Researchers from the University of South California, Pinscreen, and Microsoft have developed a hair rendering technique powered by deep learning. This neural network can render 3D hair models from only a 2D reference image, and is the first of its kind to work in real-time.
If you’ve ever turned on Nvidia’s HairWorks in games such as The Witcher 3 or Final Fantasy XV, you may well have noticed your in-game performance drops significantly – even if it’s just Geralt’s lovely mop on the screen. Rendering a couple hundred thousand individual strands of hair is no walk in the park.
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But AI researchers believe a convolutional neural network may have a use for this demanding task. Neural networks follow the same concept as the brain, connecting up various nodes in certain ways, across many layers, to classify information from an input into various groups. These deep-learning systems have a variety of uses, with image recognition and identification finding new use within rendering techniques.
“Realistic hair modeling is one of the most difficult tasks when digitizing virtual humans,” the researchers say. “In contrast to objects that are easily parameterisable, like the human face, hair spans a wide range of shape variations and can be highly complex due to its volumetric structure and level of deformability in each strand.”
To initially teach the neural network, the researchers fed it with a dataset of 40,000 different hairstyles and 160,000 2D orientation images from random viewpoints. The neural network can then reproduce 3D rendered hair, in various styles, lengths, and colours, from a single 2D image. In milliseconds. It can also mimic video and render movement across individual strands of hair – all interacting with each other.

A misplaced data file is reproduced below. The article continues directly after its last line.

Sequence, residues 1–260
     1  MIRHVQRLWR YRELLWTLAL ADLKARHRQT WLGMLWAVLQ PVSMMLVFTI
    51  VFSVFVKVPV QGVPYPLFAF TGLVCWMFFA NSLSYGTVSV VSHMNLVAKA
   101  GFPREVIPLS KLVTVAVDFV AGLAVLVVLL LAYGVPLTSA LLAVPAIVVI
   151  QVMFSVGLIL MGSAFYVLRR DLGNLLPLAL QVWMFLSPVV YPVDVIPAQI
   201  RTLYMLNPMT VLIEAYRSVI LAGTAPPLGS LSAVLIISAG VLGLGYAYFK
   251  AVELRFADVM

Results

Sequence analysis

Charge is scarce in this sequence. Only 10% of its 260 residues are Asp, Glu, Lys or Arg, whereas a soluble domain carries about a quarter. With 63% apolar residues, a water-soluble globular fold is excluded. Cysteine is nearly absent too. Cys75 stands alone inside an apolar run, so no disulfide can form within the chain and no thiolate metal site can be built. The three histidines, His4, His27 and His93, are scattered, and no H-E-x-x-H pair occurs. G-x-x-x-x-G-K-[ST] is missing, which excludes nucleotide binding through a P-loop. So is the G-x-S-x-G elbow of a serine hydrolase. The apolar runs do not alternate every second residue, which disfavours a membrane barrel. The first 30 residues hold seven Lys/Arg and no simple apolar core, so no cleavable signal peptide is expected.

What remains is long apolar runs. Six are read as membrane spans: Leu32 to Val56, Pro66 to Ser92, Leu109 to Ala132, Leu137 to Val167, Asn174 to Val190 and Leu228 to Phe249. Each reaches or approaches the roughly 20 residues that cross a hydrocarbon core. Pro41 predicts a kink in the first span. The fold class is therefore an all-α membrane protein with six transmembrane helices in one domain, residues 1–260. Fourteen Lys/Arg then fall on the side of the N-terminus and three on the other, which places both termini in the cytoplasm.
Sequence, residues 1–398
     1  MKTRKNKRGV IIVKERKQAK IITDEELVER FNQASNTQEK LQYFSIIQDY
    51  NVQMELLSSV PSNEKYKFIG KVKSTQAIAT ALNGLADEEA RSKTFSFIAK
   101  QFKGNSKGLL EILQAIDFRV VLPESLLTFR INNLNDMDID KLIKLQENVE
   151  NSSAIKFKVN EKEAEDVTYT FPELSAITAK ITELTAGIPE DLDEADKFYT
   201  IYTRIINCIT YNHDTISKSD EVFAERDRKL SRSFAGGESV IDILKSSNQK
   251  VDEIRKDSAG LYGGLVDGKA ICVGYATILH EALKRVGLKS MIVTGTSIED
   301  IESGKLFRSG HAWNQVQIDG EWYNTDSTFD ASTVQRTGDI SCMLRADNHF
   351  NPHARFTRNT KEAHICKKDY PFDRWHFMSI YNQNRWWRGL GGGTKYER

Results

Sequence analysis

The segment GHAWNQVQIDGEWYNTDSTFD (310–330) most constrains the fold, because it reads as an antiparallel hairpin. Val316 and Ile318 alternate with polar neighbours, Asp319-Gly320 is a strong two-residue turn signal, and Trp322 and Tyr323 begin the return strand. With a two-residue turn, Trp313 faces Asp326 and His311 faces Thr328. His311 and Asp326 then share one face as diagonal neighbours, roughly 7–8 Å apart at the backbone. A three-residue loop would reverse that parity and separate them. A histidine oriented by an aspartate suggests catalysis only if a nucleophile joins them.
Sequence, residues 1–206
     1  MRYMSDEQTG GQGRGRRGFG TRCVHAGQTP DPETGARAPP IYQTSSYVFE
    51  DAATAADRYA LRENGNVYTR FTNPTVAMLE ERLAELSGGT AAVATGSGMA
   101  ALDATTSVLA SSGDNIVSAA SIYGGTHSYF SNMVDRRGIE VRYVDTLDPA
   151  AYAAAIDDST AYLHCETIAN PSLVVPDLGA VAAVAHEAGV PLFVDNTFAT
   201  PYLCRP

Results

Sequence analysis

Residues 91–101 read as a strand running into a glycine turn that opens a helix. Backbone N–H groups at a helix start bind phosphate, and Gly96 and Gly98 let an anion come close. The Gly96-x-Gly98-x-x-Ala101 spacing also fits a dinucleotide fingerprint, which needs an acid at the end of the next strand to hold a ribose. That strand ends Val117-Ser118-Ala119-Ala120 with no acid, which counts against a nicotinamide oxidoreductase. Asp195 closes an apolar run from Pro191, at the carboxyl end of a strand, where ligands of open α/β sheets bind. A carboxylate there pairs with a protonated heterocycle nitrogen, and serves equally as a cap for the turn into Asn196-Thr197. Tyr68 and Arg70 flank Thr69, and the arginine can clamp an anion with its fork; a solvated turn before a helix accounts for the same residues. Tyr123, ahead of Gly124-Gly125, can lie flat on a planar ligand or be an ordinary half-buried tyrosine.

Here’s a video of real-time hair reconstruction in action. Just try and ignore the model’s eerie smile and maybe you’ll be able to sleep tonight.
“The hair from our method can preserve better local details and looks more natural,” the researchers say. “Especially for curly hairs”.
It’s not a perfect system, and some hairstyles are poorly replicated by the system. However, the researchers believe expanding the training dataset with even more hairstyles may aid in replication of a wider range of hairdos.
This AI tech could have an impact on in-game hair rendering, or maybe even as a part of an inevitable AI-powered GameWorks 2.0 suite – whenever that happens. The current gen might not be cut out for the job – this demo was running across multiple Nvidia Titan Xp graphics cards – but if Nvidia’s AI Tensor Cores make it into the GeForce GTX 1180 there may be hope for real-time AI implementations in games as soon as even the next generation of GPUs.
In the meantime, this tech could have wide ranging implications for how game developers go about creating their next games. Devs can skip any tedious modelling and take realistic hair models straight from motion capture, leaving the heavy lifting to a trusty neural network.